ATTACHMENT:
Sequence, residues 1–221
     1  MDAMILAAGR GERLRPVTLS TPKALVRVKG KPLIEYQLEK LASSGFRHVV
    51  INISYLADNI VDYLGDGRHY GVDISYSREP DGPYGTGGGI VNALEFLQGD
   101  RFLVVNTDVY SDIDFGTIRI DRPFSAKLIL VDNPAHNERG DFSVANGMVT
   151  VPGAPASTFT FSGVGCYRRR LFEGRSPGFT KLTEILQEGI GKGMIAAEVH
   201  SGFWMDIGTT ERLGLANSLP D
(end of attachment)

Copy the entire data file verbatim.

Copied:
Sequence, residues 1–221
     1  MDAMILAAGR GERLRPVTLS TPKALVRVKG KPLIEYQLEK LASSGFRHVV
    51  INISYLADNI VDYLGDGRHY GVDISYSREP DGPYGTGGGI VNALEFLQGD
   101  RFLVVNTDVY SDIDFGTIRI DRPFSAKLIL VDNPAHNERG DFSVANGMVT
   151  VPGAPASTFT FSGVGCYRRR LFEGRSPGFT KLTEILQEGI GKGMIAAEVH
   201  SGFWMDIGTT ERLGLANSLP D